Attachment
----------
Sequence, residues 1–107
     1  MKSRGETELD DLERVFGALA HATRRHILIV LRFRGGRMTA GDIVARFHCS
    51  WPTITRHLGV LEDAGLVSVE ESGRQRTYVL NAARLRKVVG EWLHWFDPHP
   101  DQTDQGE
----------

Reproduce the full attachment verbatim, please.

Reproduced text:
Sequence, residues 1–107
     1  MKSRGETELD DLERVFGALA HATRRHILIV LRFRGGRMTA GDIVARFHCS
    51  WPTITRHLGV LEDAGLVSVE ESGRQRTYVL NAARLRKVVG EWLHWFDPHP
   101  DQTDQGE